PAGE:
There's snow tellin'.
Pocono Lake Preserve
Pocono Pines, Pennsylvania

Kevin Whipple describes a lost ski area in Pennsylvania formerly located near the Pocono Lake Preserve Community:

    “Another lost Pennsylvania ski resort can be found at the Pocono Lake Preserve in Monroe County. The slope is located off Stoney Brook Road from Route 940 in Pocono Pines, PA (between Mount Pocono and Blakeslee on 940).

    The area is currently located on State Game Lands, but may have once been a part of the exclusive Pocono Lake Preserve Community.

    I do not believe that this hill was ever open to the public. If it was, then I can’t believe it was very popular. It seems no one I’ve talked to can remember there ever being a ski slope here. I found out about it from local hunters who stumbled across it in their travels. It was likely a private hill for use by community members, which is still common all over the Poconos.

    In the event that this area was a part of Pocono Lake Preserve Community, then the proposition of some very influential people using this facility is probable. The Pocono Lake Preserve Community has historically been very, very exclusive. Armed guards at the gates sort of stuff. I’m not sure it remains this way today. Many industry tycoons, US presidents, and Hollywood elite have had homes within this community.

    The slopes do not appear on USGS topographic maps, but are very easy to see on older satellite images. The ski area appeared to have one surface lift and 2-3 trails. Upon my visit in 2005, I could not find any remnants of the former lift (a light snow cover may have hidden something). The towline is very easy to identify and remains quite clear. It runs right up the middle of the area, through the woods, and serves two primary slopes on either side of it. I would guess the vertical descent to be just over 100 feet, and the grade of the entire hill was very easy. Skier’s right of the towline was a vast meadow of beginner grade. I would guess this slope was about fifty yards wide, and remains fairly clear with some small evergreens popping up. Skier’s left of the towline was a far more narrow option that twisted its way through some tree islands to the base. If it was an intermediate option, then it would have been more due to narrowness and glading than to steepness. I have no idea if this was one trail or two that weaved together down the slope.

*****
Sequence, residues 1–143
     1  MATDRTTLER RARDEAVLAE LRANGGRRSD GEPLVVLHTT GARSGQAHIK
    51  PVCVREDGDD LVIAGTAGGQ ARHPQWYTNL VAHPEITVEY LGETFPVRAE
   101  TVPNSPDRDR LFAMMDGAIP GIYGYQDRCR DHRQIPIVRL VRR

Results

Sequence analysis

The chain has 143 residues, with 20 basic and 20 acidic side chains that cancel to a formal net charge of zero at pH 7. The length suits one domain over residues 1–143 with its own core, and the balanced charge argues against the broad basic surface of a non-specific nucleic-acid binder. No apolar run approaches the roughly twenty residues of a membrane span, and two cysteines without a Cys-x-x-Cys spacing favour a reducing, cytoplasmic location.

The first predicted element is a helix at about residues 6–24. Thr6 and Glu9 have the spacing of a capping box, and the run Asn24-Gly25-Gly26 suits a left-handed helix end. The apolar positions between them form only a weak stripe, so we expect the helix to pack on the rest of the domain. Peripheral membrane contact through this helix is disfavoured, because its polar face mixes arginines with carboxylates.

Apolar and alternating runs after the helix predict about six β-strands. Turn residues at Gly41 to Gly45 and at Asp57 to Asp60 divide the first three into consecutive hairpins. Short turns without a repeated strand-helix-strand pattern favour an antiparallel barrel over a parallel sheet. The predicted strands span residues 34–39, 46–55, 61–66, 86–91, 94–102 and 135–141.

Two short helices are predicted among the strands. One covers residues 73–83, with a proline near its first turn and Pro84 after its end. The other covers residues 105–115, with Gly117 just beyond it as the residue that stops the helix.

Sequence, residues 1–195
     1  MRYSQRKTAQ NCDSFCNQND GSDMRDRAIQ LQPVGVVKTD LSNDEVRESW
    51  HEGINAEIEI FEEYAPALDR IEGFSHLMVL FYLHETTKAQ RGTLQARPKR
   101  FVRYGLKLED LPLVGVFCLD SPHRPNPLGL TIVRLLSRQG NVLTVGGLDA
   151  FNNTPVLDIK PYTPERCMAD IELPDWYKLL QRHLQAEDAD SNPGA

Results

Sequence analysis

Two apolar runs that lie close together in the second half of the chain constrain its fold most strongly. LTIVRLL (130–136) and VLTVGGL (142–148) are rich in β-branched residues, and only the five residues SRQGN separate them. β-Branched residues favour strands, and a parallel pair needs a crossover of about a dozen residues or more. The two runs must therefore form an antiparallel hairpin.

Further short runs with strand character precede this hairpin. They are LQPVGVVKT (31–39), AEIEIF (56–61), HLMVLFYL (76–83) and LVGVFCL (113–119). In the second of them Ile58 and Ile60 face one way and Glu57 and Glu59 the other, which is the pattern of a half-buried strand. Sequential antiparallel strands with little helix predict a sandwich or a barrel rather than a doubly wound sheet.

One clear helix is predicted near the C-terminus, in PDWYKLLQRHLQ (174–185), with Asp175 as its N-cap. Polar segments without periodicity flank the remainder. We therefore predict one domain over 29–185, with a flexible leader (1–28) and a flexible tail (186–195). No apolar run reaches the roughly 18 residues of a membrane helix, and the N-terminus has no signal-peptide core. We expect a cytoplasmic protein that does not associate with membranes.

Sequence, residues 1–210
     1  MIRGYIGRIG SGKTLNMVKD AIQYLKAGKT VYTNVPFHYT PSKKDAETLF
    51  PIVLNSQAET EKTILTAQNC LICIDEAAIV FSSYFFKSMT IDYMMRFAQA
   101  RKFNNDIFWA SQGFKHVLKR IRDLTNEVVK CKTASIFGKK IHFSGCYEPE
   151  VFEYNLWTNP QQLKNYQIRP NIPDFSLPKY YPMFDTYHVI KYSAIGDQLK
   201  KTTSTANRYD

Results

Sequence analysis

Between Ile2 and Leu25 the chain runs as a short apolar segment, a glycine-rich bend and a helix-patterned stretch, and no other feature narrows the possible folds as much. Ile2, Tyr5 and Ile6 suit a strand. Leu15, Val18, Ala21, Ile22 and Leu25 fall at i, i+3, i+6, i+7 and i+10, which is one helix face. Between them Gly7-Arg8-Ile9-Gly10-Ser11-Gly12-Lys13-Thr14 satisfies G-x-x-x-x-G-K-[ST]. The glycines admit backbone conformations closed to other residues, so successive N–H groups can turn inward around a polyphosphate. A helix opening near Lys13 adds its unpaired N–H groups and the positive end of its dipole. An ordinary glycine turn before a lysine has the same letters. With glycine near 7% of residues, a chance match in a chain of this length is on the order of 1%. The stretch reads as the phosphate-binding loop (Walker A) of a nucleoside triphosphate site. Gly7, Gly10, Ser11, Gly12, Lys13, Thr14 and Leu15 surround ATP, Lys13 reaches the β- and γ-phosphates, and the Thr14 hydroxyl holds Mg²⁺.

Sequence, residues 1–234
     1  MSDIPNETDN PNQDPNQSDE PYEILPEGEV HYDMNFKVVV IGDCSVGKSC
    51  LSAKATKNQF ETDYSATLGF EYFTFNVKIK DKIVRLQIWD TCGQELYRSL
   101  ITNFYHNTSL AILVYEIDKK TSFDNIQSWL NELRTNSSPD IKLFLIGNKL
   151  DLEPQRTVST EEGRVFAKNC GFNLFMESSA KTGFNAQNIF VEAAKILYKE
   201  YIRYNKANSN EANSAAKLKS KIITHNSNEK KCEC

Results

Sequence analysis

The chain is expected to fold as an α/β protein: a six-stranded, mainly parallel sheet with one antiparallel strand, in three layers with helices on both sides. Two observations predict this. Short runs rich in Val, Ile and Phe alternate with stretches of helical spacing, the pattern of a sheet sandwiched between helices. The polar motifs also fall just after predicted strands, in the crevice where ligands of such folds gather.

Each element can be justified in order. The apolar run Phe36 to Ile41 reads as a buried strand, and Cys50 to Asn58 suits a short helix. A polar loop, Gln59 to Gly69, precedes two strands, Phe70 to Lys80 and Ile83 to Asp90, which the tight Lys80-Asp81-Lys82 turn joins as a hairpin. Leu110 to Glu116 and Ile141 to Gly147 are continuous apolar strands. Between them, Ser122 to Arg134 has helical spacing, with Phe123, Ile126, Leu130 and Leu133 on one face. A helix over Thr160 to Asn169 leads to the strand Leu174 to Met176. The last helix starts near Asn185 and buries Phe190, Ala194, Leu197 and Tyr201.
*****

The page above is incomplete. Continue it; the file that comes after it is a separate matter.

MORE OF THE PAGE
I could not find any evidence of snowmaking, or night skiing. That’s not to say there was none, and the light snow cover during my visit may have hidden something. I don’t know what kind of facilities it had as far as a lodge, or if it had any sort of grooming (I should hope so with the lack of steepness). There are some homes located adjacent to the slopes, and perhaps one of these served as a lodge at one time. I have no idea or evidence that this was the case.

    I have very little information on this place. Judging by the growth on the trails, and how clear the area is on satellite pictures, this area probably saw action into the late 1980’s. That’s a guess.”

This topographic map shows the approximate lift location. The road directly to the northwest of the area is Stoney Brook Road. Image provided by Kevin Whipple.

Looking up the towline from the base of the slopes. Photo provided by Kevin Whipple.

Looking down the towline from the summit of the slopes. Photo provided by Kevin Whipple.

The entrance to the main meadow on skier’s right of the towline. Photo provided by Kevin Whipple.

The base of the main slope, on skier’s right, from the bottom of the hill. Still fairly clear. Photo provided by Kevin Whipple.

The top of the trail on skier’s left of the towline. It’s more grown in, and had tree islands and gladed sections. Photo provided by Kevin Whipple.

The base of the narrow trail on skier’s left of the towline. Photo provided by Kevin Whipple.


A 3-d image from Google Earth. Image provided by Kevin Whipple.

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John Henry
12 years ago
I am the manager of Pocono Lake Preserve and have lived in the area most of my life. In my youth I worked for Lake Naomi developer Logan Steele. The Ski Area you describe here was never associated with Pocono Lake Preserve. It was actually Lake Naomi. Logan Steele the developer of Lake Naomi purchased this tract of land in the 1960’s and had plans to develop it into additional second home sites. He had the ski slopes cleared in anticipation of building the development. The machine operator who cleared the slopes was named Leon Keiper. Mr. Steele dropped development of the Lost Lakes Area in favor of what became Timber Trails. The ski area never operated. There was never a lift. I dont know of anyone who ever actually skied there. In the early 1990s the estate of Mr. Steele transferred the property to the PA Game Commission. Funds to subsidize the purchase were raised by The Nature Conservancy. It is now State Game Lands.
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